April 10, 2018
Chairman Rodney Frelinghuysen
2306 Rayburn House Office Building
Washington, D.C. 20515
Ranking Member Nita Lowey
2365 Rayburn House Office Building
Washington, D.C. 20515
Chairman John Carter
2110 Rayburn House Office Building
Washington, D.C. 20515
Ranking Member Lucille Roybal-Allard
2083 Rayburn House Office Building
Washington, D.C. 20515
Re: 4/11/18 Hearing of Department of Homeland Security's Fiscal Year 2019 Budget; 4/12/18 Hearing on Immigration and Customs Enforcement and Customs and Border Protection FY19 Budget
Dear Chairman Frelinghuysen, Ranking Member Lowey, Chairman Carter, and Ranking Member Roybal-Allard:
We write to you to raise our concerns over the Trump administration’s proposed Fiscal Year 2019 Department of Homeland Security (DHS) budget, which calls for increased numbers of Immigration and Customs Enforcement (ICE) and Customs and Border Protection (CBP) agents and immigration detention beds and significantly cuts key resources dedicated to accountability. Human Rights Watch has documented serious failures by the DHS to use existing resources under previous budgets in rights-respecting ways. As long as these problems remain unaddressed, any funding increase in these areas is likely to cause a proliferation of abuses. As a matter of responsible oversight, Congress should not increase funding in these areas without also addressing serious failings in border policy, immigration detention, and enforcement that lead to rights violations.
Human Rights Watch has documented: failures by CBP to follow US law when apprehending asylum seekers at the border; the separation and mistreatment of families traveling together to the US to seek asylum; systemic failures in detention medical care that has contributed to preventable deaths; transfers of immigrant detainees between far-flung detention centers in ways that interfere with their due process rights; the abuse of transgender women in detention; and widespread summary deportations of people who call the United States home—including mothers, fathers, and spouses of US citizens;  tax-paying employees; and respected community members—without giving them a chance for consideration of their deep and longstanding ties to the United States before removing them from the country. In addition, the media and other organizations have documented DHS’ harmful treatment of immigrants, including women– particularly those who are pregnant – in detention, DACA recipients, domestic violence survivors, and children. Measures should be taken to rectify the structural causes of these abuses and the impunity that has generally attached to them, before any increase in appropriations towards enforcement activity is considered.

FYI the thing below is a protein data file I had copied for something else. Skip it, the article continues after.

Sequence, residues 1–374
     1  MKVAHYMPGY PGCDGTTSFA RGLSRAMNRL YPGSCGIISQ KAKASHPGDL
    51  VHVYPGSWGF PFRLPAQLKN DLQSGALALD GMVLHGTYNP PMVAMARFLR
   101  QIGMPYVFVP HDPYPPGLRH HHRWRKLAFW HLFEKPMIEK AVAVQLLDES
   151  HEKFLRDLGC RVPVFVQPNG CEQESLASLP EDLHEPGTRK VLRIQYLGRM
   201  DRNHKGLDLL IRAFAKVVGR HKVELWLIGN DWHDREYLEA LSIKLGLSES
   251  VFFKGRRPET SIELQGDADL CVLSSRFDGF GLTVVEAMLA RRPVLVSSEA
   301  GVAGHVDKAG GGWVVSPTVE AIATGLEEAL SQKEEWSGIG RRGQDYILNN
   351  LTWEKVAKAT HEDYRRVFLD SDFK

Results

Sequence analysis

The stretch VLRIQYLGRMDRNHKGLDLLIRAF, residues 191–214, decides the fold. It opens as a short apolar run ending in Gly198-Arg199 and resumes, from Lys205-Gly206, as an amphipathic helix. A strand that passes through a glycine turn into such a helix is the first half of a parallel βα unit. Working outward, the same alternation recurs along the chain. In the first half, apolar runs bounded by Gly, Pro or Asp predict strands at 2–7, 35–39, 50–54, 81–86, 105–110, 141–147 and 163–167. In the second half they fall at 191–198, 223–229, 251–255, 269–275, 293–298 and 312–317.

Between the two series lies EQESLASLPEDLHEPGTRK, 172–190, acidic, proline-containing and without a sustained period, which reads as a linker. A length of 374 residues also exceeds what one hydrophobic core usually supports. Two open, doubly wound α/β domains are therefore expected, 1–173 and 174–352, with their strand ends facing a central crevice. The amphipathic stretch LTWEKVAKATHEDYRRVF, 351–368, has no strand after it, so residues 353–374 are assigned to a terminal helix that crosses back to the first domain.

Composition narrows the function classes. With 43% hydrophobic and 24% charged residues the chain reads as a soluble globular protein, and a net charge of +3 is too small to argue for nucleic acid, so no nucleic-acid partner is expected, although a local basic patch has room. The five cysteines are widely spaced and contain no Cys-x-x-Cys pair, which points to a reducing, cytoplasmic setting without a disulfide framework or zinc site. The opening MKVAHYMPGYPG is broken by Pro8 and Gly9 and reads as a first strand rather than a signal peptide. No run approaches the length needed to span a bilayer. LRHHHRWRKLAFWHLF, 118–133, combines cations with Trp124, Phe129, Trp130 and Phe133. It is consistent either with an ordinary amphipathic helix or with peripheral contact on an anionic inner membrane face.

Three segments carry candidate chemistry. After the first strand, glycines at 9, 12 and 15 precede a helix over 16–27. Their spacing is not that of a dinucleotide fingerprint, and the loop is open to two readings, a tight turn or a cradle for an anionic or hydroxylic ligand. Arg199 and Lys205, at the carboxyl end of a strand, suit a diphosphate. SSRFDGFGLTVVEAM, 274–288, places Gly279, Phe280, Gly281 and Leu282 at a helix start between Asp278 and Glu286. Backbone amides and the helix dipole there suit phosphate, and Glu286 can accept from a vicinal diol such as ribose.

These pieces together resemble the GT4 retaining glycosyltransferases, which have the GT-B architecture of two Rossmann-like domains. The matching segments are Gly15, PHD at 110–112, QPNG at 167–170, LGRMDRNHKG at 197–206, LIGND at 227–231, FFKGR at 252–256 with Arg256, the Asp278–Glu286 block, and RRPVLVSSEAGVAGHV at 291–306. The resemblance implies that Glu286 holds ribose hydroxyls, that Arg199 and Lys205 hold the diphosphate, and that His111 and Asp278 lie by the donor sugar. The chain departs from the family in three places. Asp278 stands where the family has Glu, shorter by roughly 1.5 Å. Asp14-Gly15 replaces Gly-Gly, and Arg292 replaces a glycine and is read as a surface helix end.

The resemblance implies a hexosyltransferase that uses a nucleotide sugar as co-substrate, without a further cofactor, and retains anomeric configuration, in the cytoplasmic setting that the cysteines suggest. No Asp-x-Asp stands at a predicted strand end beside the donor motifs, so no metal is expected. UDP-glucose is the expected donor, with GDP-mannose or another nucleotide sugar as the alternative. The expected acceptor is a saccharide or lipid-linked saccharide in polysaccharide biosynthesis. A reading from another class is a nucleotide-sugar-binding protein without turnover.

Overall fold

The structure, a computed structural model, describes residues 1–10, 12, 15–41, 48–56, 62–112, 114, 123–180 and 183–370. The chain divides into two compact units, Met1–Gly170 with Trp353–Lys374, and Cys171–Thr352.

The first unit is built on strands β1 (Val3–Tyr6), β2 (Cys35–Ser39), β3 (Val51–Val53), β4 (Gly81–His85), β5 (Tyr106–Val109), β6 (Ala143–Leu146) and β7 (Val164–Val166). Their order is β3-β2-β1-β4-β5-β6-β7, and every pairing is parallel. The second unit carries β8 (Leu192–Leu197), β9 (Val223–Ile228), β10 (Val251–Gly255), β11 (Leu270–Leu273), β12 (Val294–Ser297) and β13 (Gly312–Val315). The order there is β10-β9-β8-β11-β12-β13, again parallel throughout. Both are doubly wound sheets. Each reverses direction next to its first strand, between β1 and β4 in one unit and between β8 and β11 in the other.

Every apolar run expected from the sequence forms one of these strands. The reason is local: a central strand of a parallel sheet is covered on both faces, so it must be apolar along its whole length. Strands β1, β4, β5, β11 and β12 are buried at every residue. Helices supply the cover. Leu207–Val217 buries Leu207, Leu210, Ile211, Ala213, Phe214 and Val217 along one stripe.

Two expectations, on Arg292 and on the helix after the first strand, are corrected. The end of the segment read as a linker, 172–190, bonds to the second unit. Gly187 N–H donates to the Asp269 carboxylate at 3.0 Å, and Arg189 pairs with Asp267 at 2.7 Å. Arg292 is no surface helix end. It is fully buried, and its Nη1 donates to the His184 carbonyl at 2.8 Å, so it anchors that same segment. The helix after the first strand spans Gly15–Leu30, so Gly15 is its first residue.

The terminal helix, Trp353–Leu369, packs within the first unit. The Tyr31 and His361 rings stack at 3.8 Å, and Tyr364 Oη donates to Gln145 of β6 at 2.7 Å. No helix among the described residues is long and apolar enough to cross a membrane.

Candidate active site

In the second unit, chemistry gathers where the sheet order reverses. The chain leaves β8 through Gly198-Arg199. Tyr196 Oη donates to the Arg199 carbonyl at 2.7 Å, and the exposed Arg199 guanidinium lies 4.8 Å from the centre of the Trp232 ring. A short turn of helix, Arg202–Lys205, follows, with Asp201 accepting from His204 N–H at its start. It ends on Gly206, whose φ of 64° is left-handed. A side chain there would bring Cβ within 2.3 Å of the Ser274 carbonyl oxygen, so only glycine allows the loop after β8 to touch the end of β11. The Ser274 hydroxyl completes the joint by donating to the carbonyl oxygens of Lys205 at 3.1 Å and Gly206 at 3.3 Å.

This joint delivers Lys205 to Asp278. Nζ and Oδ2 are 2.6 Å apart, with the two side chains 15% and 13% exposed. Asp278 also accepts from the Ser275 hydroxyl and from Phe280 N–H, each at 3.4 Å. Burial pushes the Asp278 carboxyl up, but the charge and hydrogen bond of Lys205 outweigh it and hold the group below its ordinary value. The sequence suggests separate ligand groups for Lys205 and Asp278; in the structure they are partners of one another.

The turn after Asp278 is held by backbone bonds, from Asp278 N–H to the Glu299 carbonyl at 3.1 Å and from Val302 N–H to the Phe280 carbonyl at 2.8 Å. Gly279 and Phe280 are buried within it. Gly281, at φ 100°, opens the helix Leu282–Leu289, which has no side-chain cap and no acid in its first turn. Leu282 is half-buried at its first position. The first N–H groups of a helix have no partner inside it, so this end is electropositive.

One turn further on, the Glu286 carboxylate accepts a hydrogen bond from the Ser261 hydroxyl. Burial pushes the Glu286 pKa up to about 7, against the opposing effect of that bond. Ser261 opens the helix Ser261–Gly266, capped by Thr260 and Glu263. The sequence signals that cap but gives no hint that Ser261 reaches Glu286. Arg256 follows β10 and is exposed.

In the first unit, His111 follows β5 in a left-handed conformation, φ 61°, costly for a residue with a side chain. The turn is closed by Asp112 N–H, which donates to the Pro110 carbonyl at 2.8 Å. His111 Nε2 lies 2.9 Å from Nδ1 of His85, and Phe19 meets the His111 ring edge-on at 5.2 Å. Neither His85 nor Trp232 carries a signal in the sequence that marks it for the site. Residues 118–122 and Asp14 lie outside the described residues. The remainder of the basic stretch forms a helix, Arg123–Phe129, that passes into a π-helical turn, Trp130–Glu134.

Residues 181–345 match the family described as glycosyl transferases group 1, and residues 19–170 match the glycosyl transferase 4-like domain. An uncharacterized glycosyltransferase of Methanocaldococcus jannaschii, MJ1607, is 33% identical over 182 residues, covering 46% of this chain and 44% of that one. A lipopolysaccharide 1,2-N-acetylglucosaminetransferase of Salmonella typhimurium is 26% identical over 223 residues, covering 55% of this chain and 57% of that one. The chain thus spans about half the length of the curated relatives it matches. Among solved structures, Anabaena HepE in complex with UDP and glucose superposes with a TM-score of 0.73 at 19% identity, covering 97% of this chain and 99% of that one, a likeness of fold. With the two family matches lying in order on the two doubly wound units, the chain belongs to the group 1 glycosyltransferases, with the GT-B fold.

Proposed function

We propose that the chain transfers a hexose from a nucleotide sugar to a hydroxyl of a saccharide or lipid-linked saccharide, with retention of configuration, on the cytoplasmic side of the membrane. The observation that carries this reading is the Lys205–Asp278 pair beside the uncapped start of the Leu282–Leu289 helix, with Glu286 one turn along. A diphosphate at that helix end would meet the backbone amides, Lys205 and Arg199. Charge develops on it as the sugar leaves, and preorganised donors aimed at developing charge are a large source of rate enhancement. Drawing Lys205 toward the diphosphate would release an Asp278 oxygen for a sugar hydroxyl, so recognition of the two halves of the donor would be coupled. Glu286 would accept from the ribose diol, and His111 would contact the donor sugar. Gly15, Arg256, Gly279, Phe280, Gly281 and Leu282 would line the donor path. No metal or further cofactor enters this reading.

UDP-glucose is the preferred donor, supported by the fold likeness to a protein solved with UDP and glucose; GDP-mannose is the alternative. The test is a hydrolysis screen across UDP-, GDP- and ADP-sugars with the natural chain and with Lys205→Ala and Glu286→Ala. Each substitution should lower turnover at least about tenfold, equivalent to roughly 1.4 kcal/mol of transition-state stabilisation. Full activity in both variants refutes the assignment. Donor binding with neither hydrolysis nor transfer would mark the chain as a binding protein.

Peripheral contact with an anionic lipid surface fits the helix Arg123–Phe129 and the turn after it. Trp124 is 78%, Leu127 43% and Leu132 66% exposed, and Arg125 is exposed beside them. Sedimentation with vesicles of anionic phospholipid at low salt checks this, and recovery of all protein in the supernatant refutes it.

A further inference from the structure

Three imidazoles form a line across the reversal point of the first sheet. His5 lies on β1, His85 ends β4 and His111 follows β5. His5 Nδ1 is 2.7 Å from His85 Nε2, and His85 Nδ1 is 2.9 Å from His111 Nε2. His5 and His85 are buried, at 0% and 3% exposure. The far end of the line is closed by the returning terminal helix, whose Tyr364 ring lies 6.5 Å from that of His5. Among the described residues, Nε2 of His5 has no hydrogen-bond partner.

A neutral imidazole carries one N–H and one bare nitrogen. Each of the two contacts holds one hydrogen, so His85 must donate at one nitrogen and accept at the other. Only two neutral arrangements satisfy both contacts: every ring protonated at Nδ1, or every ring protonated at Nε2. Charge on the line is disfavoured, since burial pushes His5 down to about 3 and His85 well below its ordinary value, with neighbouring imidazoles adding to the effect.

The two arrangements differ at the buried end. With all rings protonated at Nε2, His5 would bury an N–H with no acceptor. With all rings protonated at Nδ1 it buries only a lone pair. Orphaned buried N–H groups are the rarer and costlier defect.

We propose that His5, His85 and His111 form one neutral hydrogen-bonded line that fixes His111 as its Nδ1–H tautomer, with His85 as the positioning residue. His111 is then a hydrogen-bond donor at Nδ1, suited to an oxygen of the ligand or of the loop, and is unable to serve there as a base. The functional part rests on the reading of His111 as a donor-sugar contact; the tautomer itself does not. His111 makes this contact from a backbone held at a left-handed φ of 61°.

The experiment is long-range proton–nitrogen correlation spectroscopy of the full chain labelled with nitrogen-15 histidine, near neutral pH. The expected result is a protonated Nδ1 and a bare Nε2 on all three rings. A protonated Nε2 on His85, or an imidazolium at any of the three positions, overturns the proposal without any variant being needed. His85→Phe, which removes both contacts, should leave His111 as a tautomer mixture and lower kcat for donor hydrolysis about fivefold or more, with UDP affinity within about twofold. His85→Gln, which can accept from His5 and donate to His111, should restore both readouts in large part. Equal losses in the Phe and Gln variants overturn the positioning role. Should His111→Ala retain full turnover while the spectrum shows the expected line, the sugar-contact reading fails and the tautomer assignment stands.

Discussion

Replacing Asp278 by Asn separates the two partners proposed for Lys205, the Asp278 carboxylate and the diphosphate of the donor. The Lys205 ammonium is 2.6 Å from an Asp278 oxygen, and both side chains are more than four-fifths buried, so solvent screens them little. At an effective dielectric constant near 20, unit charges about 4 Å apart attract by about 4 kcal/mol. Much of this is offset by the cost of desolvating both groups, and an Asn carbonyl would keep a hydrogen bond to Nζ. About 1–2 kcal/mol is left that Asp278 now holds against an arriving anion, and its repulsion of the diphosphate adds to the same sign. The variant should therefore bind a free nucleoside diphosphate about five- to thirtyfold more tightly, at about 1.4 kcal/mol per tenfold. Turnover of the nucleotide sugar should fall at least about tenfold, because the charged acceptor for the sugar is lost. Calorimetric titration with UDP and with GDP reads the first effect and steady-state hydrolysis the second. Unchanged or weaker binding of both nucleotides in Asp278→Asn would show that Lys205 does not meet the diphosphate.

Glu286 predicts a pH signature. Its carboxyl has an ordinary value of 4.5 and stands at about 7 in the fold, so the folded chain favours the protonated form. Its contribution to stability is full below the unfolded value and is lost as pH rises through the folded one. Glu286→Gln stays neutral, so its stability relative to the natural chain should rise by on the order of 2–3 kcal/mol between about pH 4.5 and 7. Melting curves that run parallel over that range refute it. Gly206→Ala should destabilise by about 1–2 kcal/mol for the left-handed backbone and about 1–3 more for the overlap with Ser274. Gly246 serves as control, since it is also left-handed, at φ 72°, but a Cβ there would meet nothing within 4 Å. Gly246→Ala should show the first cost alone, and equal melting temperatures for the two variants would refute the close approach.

The abuses that we and others have documented require enhanced oversight and greater attention to due process. We recognize that these activities may, in fact, require appropriation of funds. For example, ensuring due process rights may require allocating funds to hire immigration judges and provide know-your-rights services; it may require ensuring counsel for noncitizens whose due process rights are threatened in immigration proceedings including vulnerable groups such as persons with mental disabilities; it requires transparency in data collection and dissemination; and in effective accountability mechanisms within DHS and its component agencies. However, without a clear commitment by this administration and this Congress to appropriate first to these types of activities, there should at the very least not be any increase in appropriations for enforcement and detention.